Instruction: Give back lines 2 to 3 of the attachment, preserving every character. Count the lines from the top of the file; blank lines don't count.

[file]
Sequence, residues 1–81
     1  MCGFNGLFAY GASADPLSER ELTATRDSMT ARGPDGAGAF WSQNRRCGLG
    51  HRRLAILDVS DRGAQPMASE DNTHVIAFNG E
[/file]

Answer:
     1  MCGFNGLFAY GASADPLSER ELTATRDSMT ARGPDGAGAF WSQNRRCGLG
    51  HRRLAILDVS DRGAQPMASE DNTHVIAFNG E